Turkey’s president, in a push to recast top Turkish assets to avoid any possible derogatory associations, changed his mind Wednesday over what Turkish Airlines should now be called. To recall Turkey’s imperial president Erdogan ordered the country’s name to be changed from Turkey to Turkiye, a practice mostly associated with Asiatic dictators, such as those ruling Turkmenistan and Kazakhstan.
Turkish President Recep Tayyip Erdogan told ruling party lawmakers on Wednesday that Turkey’s national airline will now be known internationally by its Turkish name “Türk Hava Yolları” (pronounced tuerk hah-VAH yole-lah-RUH).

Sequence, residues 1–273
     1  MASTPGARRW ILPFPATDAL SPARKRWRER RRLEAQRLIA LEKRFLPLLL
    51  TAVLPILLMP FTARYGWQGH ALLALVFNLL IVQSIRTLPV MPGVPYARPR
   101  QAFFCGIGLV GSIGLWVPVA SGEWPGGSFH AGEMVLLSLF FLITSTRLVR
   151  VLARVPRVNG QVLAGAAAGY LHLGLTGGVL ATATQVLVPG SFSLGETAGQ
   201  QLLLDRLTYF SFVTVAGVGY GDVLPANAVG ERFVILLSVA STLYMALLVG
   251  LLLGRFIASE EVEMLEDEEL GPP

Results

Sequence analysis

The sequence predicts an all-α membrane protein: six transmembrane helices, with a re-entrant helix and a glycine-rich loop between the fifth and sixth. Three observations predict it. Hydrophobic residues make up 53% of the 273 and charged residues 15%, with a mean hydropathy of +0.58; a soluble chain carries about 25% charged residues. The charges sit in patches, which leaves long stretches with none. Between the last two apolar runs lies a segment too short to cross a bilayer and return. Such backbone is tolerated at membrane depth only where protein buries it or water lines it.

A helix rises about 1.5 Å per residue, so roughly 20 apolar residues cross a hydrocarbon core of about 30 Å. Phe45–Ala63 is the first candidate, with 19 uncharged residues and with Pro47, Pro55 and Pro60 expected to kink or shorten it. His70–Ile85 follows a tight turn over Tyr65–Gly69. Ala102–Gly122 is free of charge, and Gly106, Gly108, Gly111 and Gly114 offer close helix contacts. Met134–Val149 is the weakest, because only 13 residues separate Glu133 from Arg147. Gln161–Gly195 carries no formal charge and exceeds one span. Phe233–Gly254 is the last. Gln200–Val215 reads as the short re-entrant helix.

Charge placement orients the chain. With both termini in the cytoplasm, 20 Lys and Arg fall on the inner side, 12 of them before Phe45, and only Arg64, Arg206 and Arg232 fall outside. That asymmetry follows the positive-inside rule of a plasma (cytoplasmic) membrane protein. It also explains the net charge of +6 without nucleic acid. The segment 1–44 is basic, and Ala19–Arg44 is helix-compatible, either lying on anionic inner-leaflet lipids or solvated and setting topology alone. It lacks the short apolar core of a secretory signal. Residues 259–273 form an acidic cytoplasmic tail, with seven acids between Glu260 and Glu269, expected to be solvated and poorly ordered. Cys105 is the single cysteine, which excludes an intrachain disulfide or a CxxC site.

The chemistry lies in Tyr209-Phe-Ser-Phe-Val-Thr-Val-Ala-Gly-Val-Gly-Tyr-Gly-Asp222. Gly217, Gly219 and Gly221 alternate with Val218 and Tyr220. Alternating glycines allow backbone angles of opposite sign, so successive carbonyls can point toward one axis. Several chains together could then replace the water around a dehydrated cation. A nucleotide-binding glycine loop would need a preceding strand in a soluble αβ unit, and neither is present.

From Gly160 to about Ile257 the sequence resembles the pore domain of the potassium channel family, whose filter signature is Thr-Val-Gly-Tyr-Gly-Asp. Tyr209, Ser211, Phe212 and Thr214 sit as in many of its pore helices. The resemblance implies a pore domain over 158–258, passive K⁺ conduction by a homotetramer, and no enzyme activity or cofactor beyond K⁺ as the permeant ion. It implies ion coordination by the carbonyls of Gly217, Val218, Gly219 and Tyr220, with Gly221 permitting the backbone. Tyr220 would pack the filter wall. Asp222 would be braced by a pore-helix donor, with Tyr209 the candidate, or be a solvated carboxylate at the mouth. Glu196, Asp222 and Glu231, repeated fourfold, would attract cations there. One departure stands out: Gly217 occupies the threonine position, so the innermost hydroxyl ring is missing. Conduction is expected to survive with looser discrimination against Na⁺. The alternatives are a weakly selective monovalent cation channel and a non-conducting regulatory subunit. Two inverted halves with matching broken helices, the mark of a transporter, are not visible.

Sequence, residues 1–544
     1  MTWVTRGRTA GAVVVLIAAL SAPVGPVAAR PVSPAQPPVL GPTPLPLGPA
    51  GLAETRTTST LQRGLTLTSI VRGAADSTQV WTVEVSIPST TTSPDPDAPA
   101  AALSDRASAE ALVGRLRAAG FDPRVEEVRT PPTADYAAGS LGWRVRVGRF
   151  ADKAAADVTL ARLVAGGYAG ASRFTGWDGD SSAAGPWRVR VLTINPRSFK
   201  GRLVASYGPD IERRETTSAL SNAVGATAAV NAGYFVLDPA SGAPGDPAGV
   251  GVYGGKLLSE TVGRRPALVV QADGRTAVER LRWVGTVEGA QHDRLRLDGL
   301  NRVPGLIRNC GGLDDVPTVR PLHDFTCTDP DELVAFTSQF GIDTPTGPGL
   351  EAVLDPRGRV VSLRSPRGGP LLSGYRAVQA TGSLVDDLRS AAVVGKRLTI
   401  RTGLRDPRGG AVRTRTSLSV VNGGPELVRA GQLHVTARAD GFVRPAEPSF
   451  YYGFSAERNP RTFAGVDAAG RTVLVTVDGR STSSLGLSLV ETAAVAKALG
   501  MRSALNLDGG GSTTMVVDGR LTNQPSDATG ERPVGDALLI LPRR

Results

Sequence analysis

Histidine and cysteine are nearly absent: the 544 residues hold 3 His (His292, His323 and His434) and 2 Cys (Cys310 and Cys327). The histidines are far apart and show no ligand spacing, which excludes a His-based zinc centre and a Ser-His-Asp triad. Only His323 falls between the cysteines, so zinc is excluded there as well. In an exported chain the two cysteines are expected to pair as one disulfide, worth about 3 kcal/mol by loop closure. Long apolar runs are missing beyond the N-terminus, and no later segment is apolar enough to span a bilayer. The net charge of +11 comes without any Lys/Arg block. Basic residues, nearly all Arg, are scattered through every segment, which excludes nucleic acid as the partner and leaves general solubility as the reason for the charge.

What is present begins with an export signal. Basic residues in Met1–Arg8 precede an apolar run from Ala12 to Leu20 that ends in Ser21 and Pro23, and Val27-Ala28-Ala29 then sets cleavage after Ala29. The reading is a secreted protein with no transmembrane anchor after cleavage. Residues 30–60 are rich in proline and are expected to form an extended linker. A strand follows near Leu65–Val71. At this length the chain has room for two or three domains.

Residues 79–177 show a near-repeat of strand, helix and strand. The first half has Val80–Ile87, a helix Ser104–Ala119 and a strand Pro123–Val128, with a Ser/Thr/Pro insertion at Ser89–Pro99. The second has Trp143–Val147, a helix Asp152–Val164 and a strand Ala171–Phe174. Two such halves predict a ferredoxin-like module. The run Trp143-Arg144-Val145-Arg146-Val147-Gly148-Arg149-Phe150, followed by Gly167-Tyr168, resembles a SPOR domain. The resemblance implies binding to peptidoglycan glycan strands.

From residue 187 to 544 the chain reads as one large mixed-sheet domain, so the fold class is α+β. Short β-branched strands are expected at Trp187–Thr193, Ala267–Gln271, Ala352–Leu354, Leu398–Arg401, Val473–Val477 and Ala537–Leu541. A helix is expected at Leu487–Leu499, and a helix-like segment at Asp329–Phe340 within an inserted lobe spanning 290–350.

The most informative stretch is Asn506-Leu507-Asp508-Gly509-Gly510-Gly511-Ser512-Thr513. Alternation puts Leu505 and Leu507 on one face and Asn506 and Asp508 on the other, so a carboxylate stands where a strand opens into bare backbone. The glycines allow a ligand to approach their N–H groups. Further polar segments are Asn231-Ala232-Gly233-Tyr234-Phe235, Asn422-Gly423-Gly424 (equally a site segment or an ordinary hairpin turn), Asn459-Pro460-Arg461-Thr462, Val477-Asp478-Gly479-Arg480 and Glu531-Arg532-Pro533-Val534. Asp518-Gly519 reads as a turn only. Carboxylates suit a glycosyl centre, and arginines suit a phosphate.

A day earlier, the Turkish leader had announced that his country would rebrand the national airline as “Türkiye Hava Yolları” as part of his push for his country to be called “Türkiye” (pronounced tuer-key-YAY) instead of Turkey. “Hava yolları” is Turkish for airlines.
But that decision sparked opposition, especially from Turkish nationalists, who suggested that dropping the word “Türk“ (“Turk” or ”Turkish”) would amount to a concession to Kurdish nationalists and others who oppose the use of the word to describe their nationality and want to be called “Türkiyeli” (a person from Turkey) instead.
The country formally registered its name as “Türkiye” — its Turkish spelling and pronunciation — with the United Nations earlier this month.
Erdogan’s government says “Türkiye” better represents Turkish culture and values. Observers say the move is part of an effort to distinguish the country from the bird species named turkey or implications of the word in English of something that is very unsuccessful.
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